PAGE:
Victorian Era Research Papers
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In the Victorian Era, and since the Nineteenth Century, it seems that Western intellectuals have been obsessed with the idea of modernity. Indeed, there is a unique character to thought in the Age of Industrialism, as the world began rapidly speeding up and changing, not over the course of a century, but within the space of a decade. A Victorian Era research paper often uses the example of Karl Marx in describing the modern world as a unity of disunity. By the Victorian Age, the concerns of unity are linked in a dis-unified dance that culminated in the First World War. The fin de siècle witnessed a cultural anxiety not unlike the Y2K hysteria: what seems laughable now was serious business at the time. But unlike the potential post-Apocalyptic computer crash that was predicted two years ago, the end of the 19th century was an indefinable ennui that showed up throughout society. The end of the 19th century sought an artificial structure in a world they feared.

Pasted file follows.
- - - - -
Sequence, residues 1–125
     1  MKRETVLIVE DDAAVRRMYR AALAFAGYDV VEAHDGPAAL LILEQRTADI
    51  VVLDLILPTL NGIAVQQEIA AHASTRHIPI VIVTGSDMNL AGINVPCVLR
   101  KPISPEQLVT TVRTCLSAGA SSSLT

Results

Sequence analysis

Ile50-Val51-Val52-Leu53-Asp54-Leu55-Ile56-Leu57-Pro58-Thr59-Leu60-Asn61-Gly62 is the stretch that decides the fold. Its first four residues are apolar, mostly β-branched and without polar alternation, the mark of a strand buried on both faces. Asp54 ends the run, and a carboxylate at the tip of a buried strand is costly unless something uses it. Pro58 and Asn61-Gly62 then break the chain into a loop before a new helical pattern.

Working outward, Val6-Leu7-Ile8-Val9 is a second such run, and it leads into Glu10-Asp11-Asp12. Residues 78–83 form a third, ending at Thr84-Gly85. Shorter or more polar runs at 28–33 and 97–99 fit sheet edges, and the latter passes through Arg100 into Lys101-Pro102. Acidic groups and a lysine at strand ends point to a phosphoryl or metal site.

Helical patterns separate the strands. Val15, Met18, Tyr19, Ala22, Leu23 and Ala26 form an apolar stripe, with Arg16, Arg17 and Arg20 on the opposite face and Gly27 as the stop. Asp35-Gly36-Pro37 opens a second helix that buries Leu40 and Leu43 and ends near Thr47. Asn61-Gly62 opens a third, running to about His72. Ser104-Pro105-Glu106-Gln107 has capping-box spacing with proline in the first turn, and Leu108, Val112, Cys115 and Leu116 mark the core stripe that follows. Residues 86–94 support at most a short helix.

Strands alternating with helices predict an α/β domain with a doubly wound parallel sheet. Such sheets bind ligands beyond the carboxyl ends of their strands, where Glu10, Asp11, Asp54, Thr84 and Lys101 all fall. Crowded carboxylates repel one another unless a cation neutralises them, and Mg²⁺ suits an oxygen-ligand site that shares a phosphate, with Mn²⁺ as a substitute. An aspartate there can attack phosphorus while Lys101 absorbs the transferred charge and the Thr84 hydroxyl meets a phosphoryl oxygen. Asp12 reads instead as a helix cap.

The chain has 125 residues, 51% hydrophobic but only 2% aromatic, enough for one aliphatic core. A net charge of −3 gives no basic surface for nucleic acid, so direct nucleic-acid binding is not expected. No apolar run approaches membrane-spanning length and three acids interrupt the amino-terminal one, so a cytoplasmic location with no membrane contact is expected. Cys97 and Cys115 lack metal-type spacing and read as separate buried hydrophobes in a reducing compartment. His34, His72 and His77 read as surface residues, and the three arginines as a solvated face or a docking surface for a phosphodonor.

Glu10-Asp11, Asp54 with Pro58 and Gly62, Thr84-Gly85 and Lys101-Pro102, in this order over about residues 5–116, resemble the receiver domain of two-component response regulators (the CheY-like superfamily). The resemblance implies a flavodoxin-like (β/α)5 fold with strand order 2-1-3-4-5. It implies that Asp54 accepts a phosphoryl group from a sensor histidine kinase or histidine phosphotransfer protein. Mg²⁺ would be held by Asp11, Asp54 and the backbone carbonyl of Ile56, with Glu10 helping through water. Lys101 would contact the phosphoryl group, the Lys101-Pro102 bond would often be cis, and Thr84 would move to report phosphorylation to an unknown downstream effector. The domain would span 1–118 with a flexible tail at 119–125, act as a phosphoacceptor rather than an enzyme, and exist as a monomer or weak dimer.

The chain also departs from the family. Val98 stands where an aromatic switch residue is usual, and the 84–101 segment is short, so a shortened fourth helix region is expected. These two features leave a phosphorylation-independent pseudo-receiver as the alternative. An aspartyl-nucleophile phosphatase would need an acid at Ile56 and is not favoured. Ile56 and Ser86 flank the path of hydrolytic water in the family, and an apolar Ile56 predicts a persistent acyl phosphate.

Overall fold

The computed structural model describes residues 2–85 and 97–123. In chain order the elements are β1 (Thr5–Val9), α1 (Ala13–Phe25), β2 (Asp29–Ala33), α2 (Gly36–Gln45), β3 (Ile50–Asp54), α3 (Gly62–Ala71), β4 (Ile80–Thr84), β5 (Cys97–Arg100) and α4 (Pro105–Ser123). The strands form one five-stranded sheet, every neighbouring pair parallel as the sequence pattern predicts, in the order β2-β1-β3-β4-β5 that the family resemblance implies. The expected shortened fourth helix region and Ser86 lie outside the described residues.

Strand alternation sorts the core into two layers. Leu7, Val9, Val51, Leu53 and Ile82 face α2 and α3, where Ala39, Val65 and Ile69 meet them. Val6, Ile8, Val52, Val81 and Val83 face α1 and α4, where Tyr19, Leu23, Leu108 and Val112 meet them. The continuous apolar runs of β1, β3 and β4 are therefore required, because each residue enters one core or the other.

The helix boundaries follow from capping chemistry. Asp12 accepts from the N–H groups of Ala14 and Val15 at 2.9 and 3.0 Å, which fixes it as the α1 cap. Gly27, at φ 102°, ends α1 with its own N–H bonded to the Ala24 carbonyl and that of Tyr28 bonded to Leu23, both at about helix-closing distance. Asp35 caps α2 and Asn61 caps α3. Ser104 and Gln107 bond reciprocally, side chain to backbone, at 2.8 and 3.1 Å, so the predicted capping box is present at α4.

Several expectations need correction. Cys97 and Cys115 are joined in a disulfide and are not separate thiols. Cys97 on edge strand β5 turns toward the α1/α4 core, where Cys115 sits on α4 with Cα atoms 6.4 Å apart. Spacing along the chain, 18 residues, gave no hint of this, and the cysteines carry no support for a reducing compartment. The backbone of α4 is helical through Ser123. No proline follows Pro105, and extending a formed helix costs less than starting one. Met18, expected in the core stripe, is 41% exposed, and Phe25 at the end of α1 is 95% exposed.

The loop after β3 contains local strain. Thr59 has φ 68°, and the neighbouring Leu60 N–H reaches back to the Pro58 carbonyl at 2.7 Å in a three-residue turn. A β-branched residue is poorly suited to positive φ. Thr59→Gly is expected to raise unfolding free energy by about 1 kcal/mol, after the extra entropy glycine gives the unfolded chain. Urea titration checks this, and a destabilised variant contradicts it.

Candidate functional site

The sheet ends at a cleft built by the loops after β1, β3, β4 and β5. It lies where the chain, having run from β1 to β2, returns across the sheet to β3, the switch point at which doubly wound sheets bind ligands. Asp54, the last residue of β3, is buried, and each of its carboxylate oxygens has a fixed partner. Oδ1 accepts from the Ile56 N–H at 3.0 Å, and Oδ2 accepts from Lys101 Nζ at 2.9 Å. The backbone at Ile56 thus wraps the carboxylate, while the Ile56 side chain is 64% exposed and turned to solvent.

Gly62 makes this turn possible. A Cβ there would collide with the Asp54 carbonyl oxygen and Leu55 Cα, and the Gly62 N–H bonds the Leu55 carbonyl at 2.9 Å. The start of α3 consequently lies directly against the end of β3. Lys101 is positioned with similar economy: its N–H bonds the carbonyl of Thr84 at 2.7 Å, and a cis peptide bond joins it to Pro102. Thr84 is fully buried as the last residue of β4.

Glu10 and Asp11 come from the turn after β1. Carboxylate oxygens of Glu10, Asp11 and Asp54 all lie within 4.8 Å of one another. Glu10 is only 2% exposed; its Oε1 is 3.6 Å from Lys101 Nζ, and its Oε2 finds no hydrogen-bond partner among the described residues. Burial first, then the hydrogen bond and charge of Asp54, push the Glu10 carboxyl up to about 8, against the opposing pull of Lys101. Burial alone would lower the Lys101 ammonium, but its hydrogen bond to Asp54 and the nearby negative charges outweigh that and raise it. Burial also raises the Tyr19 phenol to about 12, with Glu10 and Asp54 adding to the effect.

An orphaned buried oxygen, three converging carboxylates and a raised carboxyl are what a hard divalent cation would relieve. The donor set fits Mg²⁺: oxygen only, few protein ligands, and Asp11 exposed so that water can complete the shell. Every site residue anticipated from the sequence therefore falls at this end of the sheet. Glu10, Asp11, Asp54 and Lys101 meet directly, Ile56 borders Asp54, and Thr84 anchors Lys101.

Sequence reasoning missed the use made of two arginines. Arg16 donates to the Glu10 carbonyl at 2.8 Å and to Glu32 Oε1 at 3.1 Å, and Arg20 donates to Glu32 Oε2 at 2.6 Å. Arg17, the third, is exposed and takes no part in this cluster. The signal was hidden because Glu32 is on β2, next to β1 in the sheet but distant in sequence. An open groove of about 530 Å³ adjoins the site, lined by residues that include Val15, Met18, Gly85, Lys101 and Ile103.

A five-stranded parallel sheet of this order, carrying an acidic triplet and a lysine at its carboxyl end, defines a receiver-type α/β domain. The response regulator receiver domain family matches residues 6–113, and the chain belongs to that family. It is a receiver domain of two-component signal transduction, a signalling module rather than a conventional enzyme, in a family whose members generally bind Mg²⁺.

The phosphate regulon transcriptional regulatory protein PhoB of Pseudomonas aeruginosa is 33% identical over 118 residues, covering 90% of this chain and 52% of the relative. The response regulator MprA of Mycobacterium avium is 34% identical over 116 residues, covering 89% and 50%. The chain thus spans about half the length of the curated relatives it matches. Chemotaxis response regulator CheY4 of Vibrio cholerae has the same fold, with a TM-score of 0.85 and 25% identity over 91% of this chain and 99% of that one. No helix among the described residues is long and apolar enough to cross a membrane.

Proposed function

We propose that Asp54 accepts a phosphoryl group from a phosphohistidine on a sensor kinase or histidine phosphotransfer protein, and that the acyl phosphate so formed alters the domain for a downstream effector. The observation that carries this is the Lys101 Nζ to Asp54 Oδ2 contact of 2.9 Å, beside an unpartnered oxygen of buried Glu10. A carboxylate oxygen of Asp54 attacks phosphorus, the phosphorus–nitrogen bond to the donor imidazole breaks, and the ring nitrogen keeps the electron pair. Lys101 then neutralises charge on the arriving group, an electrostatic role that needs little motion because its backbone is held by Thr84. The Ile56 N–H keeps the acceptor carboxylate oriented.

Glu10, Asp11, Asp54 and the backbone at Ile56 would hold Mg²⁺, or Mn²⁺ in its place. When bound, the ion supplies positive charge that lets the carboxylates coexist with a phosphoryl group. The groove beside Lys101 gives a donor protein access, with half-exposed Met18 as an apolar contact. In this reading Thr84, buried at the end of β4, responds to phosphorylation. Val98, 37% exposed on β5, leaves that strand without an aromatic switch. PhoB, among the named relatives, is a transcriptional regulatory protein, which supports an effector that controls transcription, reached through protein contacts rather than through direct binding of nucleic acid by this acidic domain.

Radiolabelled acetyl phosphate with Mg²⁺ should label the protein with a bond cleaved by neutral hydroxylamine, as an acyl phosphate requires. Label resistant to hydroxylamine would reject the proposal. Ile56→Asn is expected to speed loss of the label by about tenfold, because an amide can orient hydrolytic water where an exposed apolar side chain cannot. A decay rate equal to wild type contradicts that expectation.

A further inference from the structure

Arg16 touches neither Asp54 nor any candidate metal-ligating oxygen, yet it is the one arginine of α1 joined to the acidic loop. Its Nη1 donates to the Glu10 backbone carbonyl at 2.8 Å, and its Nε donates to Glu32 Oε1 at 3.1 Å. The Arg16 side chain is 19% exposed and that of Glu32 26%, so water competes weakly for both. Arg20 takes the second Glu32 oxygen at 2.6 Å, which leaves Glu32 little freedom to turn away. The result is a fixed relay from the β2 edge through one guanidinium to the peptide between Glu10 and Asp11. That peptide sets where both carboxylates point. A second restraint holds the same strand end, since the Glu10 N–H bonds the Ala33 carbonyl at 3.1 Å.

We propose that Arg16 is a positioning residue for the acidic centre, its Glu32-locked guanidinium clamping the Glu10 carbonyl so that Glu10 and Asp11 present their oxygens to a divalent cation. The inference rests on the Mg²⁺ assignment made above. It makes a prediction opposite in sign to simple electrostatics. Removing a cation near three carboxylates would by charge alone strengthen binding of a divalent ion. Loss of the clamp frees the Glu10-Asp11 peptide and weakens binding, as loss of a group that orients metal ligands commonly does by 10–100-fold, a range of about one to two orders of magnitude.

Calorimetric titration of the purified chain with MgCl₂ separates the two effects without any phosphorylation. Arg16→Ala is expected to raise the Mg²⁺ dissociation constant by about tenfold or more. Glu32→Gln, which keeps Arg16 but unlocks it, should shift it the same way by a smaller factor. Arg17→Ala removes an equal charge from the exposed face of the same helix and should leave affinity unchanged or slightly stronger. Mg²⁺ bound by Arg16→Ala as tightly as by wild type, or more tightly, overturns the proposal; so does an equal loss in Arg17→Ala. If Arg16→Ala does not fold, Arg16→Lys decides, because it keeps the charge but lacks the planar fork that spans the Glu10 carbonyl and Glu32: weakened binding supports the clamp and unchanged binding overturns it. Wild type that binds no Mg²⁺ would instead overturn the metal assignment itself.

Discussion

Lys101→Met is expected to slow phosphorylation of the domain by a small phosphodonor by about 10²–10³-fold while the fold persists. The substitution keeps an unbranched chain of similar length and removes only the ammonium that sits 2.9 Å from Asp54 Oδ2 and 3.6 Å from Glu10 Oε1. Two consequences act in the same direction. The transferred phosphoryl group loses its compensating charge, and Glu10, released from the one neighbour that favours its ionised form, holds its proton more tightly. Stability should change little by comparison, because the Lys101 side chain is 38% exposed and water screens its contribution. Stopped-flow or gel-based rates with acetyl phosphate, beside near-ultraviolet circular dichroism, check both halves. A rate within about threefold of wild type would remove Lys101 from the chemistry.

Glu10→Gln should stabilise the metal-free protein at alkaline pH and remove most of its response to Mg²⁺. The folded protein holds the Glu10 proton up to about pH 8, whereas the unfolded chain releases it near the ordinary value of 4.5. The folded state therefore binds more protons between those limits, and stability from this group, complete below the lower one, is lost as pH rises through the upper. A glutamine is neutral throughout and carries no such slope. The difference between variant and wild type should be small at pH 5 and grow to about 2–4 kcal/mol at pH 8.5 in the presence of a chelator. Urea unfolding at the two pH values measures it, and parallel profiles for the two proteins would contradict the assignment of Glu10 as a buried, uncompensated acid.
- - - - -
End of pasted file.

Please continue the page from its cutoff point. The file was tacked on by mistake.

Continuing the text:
Elements of the Victorian Era to Include in a Research Paper
A Victorian Era Research Paper is quick to point out the following elements:
- The Victorian Era was one of cultural insecurity.
- The strict moral code of Victorian England (or double standard, depending on your perspective) is indicative of a culture attempting to regain some sort of control over society.
- Solid, clear lines of black and white provide an agreed-upon framework for acceptable behavior.
- As imperialism brought cross-cultural contact, Englishmen used their new political mode to create metaphors for society.
The 19th century did not pass away peacefully. The machine had come to so dominate European society that the men of the age could not do anything but unleash it on less technological societies. However, this was a false bravado, like Kaiser Wilhelm II, who for all his military bluster and naval construction, panicked when he realized the inevitability of mobilization. Glorifying the nation was the only way to absolve the machine of the ills it had wrought. For all the social anarchy of the age, men sought to redefine the lines of control, to delineate themselves from women, the lower classes, and savages and set the rules for an orderly society of their own making. The arrogance of this generation would lead to debacles like Passchendaele and the Somme, as millions of lives were sacrificed at the altar of modernity.